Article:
Book Review Blurb: Heroes in the Dark

The Tuesday feature of the Worldly Saints blog references something I have been reading lately. The post is meant to share some of my reflections from the latest book, magazine article or blog post I have or am reading.

 

It is not uncommon for pastors to be given books to read or to be asked what they think about certain books. In most cases, the books I have received I spend more time trying to figure out a diplomatic way to say, “I am not interested in reading that book,” but recently I was given a book by a member of our church that I found to be very encouraging.

When my brother-in-Christ Brian Fitzgerald presented a book to me a few weeks ago on a Sunday morning, I internally groaned thinking, “Uh, a novel!” You see, I am not a big fan of novels.

Brian’s son is the author (Jack G.M. Fitzgerald) of this book entitled Heroes in the Dark. Jack Fitzgerald hails from my new hometown of Wichita, KS but currently resides on the East Coast where he is stationed at the Defense Threat Reduction Agency (DTRA) as a physicist and project manager for Technical Reachback, a Chemical Biological Radiological Nuclear (CBRN) and WMD analysis center. (Sounds like he may have a few stories, huh?)

Anyway, his novel of 272 pages tells the story of a man named Stephen Frederickson who is a post-college man still living with his parents and entrenched in the virtual world of video games and social networking. Stephen’s life is a digital one. Stephen is a template of so many young men today who are wasting their brain cells with digital gaming and rarely engaging people relationally on a daily basis.

So Stephen’s life seems to be going well until he meets a man named Thomas, who sparks a desire for change. The meaning of life is questioned; the existence of God is discussed; the definition of real relationships is given attention. And Stephen’s mental life is turned upside down.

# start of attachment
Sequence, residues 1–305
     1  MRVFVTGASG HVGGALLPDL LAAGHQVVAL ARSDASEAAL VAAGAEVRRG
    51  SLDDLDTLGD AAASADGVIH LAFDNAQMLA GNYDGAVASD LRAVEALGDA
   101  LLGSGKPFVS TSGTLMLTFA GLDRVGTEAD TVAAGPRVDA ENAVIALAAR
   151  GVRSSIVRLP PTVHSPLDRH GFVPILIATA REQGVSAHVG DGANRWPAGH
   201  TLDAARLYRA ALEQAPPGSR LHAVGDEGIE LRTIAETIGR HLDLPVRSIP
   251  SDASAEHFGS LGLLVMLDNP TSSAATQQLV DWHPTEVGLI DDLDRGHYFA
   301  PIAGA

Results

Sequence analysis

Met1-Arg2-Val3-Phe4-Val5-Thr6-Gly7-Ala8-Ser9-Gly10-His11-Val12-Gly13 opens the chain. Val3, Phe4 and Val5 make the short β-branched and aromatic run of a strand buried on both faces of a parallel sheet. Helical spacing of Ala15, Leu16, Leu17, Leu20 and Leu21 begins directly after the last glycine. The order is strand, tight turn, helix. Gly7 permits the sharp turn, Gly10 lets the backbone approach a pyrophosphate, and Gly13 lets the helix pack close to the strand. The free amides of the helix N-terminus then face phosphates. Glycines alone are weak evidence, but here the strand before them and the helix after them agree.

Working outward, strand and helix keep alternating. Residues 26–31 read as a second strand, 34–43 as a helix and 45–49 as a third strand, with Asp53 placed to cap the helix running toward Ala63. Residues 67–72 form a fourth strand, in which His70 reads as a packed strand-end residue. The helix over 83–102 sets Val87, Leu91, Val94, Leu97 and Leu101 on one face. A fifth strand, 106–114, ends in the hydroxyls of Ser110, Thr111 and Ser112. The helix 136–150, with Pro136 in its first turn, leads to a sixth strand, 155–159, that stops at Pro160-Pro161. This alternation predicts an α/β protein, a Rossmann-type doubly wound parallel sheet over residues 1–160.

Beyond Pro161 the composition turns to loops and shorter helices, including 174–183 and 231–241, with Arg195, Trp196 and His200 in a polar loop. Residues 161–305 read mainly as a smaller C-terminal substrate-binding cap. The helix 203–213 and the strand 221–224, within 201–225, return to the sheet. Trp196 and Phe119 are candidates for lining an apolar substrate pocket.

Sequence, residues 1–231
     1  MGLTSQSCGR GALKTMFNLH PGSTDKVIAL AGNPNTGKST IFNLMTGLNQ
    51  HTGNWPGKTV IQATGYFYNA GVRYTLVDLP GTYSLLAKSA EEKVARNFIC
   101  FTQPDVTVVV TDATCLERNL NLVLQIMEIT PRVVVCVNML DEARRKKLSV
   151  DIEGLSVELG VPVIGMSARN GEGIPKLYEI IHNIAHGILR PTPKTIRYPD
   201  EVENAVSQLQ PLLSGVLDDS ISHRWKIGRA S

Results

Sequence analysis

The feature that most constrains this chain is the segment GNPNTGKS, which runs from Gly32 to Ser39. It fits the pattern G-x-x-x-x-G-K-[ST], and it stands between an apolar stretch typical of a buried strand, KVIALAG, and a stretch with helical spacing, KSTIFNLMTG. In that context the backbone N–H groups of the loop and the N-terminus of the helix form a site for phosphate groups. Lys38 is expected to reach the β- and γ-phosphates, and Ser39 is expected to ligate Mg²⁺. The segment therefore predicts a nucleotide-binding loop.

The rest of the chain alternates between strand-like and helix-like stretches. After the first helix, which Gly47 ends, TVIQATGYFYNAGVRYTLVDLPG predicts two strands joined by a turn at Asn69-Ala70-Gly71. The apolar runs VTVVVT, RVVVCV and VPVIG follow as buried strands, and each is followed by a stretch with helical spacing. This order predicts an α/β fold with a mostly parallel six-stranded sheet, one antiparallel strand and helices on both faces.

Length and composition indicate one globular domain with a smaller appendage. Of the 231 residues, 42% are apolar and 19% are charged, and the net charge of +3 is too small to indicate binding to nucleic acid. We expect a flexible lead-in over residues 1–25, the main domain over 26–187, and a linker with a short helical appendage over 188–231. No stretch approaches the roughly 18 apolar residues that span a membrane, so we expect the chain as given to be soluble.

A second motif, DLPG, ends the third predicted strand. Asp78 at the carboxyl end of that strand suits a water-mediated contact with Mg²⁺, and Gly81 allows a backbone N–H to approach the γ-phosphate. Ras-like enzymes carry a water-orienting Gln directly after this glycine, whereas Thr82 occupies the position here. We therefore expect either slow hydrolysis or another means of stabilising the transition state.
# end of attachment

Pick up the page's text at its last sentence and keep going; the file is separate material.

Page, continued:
As Stephen wrestles with a form of real masculinity, he meets a young woman named Anne who he longs to impress and becomes attracted to. Through her simplicity and genuineness, Stephen’s life begins to change for the better.

The story of Stephen’s life is a tale I pray that God brings to many young men I know.

It is a book that calls for men to leave behind what the world has convinced them is masculine toughness (e.g., killing bad guys in video games, engaging in pornography online, etc.) and to embrace a deeper, more real and moral lifestyle that is worthy of emulation and calls for further inspiration.

I recommend this book to all young men who are struggling with still being boys.
I recommend this book to all older men who have young men headed down the wrong path.
I recommend this book to all women looking for a young man to marry to help educate them on the signs of concerning behavior to look for.
Thank you Brian for giving me this book. And thank you to Brian’s son Jack for writing it.

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